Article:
Measuring Factor Exposures Uses and Abuses

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Measuring Factor Exposures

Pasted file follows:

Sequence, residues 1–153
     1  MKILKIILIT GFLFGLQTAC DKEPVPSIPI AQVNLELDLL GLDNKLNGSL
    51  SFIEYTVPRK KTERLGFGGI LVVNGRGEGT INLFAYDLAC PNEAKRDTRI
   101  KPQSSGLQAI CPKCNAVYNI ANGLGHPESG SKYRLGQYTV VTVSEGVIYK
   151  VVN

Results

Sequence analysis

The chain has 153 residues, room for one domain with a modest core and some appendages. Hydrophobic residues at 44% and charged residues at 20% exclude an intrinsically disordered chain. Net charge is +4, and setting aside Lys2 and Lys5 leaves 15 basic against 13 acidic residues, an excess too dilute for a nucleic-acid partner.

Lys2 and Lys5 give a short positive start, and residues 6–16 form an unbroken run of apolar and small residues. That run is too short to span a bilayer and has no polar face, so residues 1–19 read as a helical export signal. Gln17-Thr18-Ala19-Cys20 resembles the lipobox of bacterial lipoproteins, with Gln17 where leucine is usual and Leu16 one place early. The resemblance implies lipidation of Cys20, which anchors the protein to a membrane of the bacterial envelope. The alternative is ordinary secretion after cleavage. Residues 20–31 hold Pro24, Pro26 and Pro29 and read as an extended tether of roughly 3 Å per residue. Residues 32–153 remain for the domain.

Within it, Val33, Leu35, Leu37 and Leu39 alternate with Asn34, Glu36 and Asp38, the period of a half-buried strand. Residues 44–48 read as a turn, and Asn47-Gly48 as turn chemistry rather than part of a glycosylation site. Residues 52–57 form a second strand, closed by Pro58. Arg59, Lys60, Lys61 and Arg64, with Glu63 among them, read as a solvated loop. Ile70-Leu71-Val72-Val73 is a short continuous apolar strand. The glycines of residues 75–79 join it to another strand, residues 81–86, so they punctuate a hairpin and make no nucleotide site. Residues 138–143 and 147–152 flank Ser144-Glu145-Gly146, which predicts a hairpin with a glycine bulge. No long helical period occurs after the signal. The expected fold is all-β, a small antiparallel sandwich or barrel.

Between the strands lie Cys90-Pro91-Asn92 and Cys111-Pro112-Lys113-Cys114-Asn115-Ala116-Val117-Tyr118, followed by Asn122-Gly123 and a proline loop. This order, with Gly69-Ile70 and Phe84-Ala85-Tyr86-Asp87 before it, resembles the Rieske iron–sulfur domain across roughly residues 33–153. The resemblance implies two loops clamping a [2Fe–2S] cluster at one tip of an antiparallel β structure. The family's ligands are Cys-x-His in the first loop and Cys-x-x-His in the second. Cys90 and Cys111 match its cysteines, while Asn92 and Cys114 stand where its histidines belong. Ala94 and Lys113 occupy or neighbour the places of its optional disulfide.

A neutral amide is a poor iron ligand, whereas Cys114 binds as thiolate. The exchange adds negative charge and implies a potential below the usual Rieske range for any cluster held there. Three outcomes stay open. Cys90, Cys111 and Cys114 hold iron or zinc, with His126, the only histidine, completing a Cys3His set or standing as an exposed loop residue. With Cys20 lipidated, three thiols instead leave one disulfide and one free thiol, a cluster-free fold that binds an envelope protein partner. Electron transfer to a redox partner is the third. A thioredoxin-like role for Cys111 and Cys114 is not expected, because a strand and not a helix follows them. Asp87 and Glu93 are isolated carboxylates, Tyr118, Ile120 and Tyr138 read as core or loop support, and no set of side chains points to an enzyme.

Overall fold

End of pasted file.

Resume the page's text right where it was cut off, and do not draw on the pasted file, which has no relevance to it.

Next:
AQR Capital Management, LLC Two Greenwich Plaza Greenwich, CT 06830 p: +1.203.742.3600 f: +1.203.742.3100 w: Measuring Factor Exposures: Uses and Abuses Ronen Israel Principal Adrienne Ross Associate October 2015 A growing number of investors have come to view their portfolios (especially equity portfolios) as a collection of exposures to risk factors. The most prevalent and widely harvested of these risk factors is the market (equity risk premium); but there are also others, such as value and momentum (style premia). Measuring exposures to these factors can be a challenge. Investors need to understand how factors are constructed and implemented in their portfolios. They also need to know how statistical analysis may be best applied. Without the proper model, rewards for factor exposures may be misconstrued as alpha, and investors may be misinformed about the risks their portfolios truly face. This paper should serve as a practical guide for investors looking to measure portfolio factor exposures. We discuss some of the pitfalls associated with regression analysis, and how factor design can matter a lot more than expected. Ultimately, investors with a clear understanding of the risk sources in an existing portfolio, as well as the risk exposures of other portfolios under consideration, may have an edge in building better diversified portfolios. We would like to thank Cliff Asness, Marco Hanig, Lukasz Pomorski, Lasse Pedersen, Rodney Sullivan, Scott Richardson, Antti Ilmanen, Tobias Moskowitz, Daniel Villalon, Sarah Jiang and Nick McQuinn for helpful comments and suggestions.      Measuring Factor Exposures: Uses and Abuses   1   Introduction: Why Should Investors Care About Factor Exposures? Investors have become increasingly focused on how to harvest returns in an efficient way. A big part of that process involves understanding the systematic sources of risk and reward in their portfolios. “ Risk-based investing ”  generally views a portfolio as a collection of return-generating processes or factors. The most straightforward of these processes is to invest in asset classes, such as stocks and bonds (asset class premia). Such risk taking has been rewarded globally over the long term, and has historically represented the biggest driver of returns for investors. However, asset class premia represent just one dimension of returns. A largely independent, separate source comes from style premia. Style premia are a set of systematic sources of returns that are well researched, geographically pervasive and have been shown to be persistent. There is a logical, economic rationale for why they provide a long-term source of return (and are likely to continue to do so). 1  Finally, they can be applied across multiple asset classes. 2  The common feature of risk-based investing is the emphasis on improved risk diversification, which can be achieved by identifying the sources of returns that are underrepresented in a portfolio. Investors who understand what risk sources their portfolios are exposed to (and the magnitude of these exposures) may be better suited to evaluate existing and potential managers. Without an understanding of portfolio risk factor exposures, how else would investors be able to tell if their value manager, for example, is actually providing significant value exposure? Or 1  See  “How Can a Strategy Still Work if Everyone Knows About It?” accessed September 23, 2015, 2  Applying styles across multiple asset classes provides greater diversification. In addition, the effectiveness of styles across asset classes helps dissuade criticisms of data mining. Asness, Moskowitz and Pedersen (2013); Asness, Ilmanen, Israel and Moskowitz (2015). Past performance is not indicative of future results. whether a manager is truly delivering alpha, and not some other factor exposure? Or even, whether a new manager would be additive to their existing portfolio? These are important questions for investors to answer, but quantifying them may be difficult. There are many ways to measure and interpret the results of factor analysis. There are also many variations in portfolio construction and factor portfolio design. Even a single factor such as value has variations that an investor should consider —  it can be applied as a tilt to a long-only equity portfolio, 3  or it can be applied in a “pure r ” form through long/short strategies; it c an be based on multiple measures of value, or a single measure such as book-to-price; or it can span multiple asset classes or geographies. Simply put, even two factors that aim to capture the same economic phenomenon can differ significantly in their construction —  and these differences can matter. In this paper, we discuss some of the difficulties associated with measuring and interpreting factor exposures. We explore the pitfalls of regression analysis, describe the differences associated with academic versus practitioner factors, and outline various choices that can affect the results. We hope that after reading this paper investors will be better able to measure portfolio factor exposures, understand the results of factor models and, ultimately, determine whether their portfolios are accessing the sources of return they want in a diversified manner. A Brief History of Factors Asset pricing models generally dictate that risk factors command a risk premium. Modern Portfolio Theory quantifies the relationship between risk and expected return, distinguishing 3  The long-only style tilt portfolio will still have significant market exposure. This type of style portfolio is often referred to as a “smart beta” portfolio.  2 Measuring Factor Exposures: Uses and Abuses   between two types of risks: idiosyncratic risk (that which can be diversified away) and systematic risk (such as market risk that cannot be diversified away). The Capital Asset Pricing Model (CAPM) provides a framework to evaluate the risk premium of systematic market risk. 4  In the CAPM single-factor world, we can use linear regression analysis to decompose returns into two components: alpha and beta. Alpha is the portion of returns that cannot be explained by exposure to the market, while beta is the portion of returns that can be attributed to the market. 5  But studies have shown that single-factor models may not adequately explain the relationship between risk and expected return, and that there are other risk factors at play. For example, under the framework of Fama and French (1992, 1993) the returns to a portfolio could be better explained by not only looking at how the overall equity market performed but also at the performance of size and value factors (i.e., the relative performance between small- and large-cap stocks, and between cheap and expensive stocks). Adding these two factors (value and size) to the market created a multi-factor model for asset pricing. Academics have continued to explore other risk factors, such as momentum 6  and low-beta or low risk, 7  and have shown that these factors have been effective in explaining long-run average returns. In general, style premia have been most widely studied in equity markets, with some classic examples being the work of Fama and French referenced above. For each style, they use single, simple and fairly standard definitions —  they are described in Exhibit 1 . 8   4  CAPM says the expected return on any security is proportional to the risk of that security as measured by its market beta. 5  More generally, the economic definition of alpha relates to returns that cannot be explained by exposure to common risk factors (Berger, Crowell, Israel and Kabiller, 2012). 6  Jegadeesh and Titman (1993); Asness (1994). 7  Black (1972); Frazzini and Pedersen (2014). 8  Specifically, these factors are constructed as follows: SMB and HML are formed by first splitting the universe of stocks into two size categories (S and B) using NYSE market-cap medians and then splitting Exhibit 1: Common Academic Factor Definitions HML  “High M inus Low”: a long/short measure of value that goes long stocks with high book-to-market values and short stocks with low book-to-market values UMD  “Up M inus Down”  : a long/short measure of momentum that goes long stocks with high returns over the past 12 months (skipping the most recent month) and short stocks with low returns over the same period SMB  “Small M inus Big”: a long/short measure of size that goes long small-market-cap stocks and short large-market-cap stocks  Assessing Factor Exposures in a Portfolio Using these well-known academic factors, we can analyze an illustrative portfolio’s factor exposures. But before we do, we should emphasize that the factors studied here are not a definitive or exhaustive list of factors. We should also emphasize that different design choices in factor construction can result in very different measured portfolio exposures. Indeed, the fact that you can still get large differences based on specific design choices is much of our point; we will revisit these design choices later in the paper. A common approach to measuring factor exposures is linear regression analysis; it describes the relationship between a dependent variable (portfolio returns) and explanatory stocks into three groups based on book-to-market equity [highest 30%(H), middle 40%(M), and lowest 30%(L), using NYSE breakpoints].The intersection of stocks across the six categories are value-weighed and used to form the portfolios SH(small, high book-to-market equity (BE/ME)), SM(small, middle BE/ME), SL (small, low BE/ME), BH(big, high BE/ME), BM(big, middle BE/ME), and BL (big, low BE/ME), where SMB is the average of the three small stock portfolios (1/3 SH + 1/3 SM + 1/3 SL) minus the average of the three big stock portfolios (1/3 BH + 1/3 BM + 1/3 BL) and HML is the average of the two high book-to-market portfolios (1/2 SH+ 1/2 BH) minus the average of the two low book-to-market portfolios (1/2 SL + 1/2 BL). UMD is constructed similarly to HML, in which two size groups and three momentum groups [highest 30% (U), middle 40% (M), lowest 30% (D)] are used to form six portfolios and UMD is the average of the small and big winners minus the average of the small and big losers.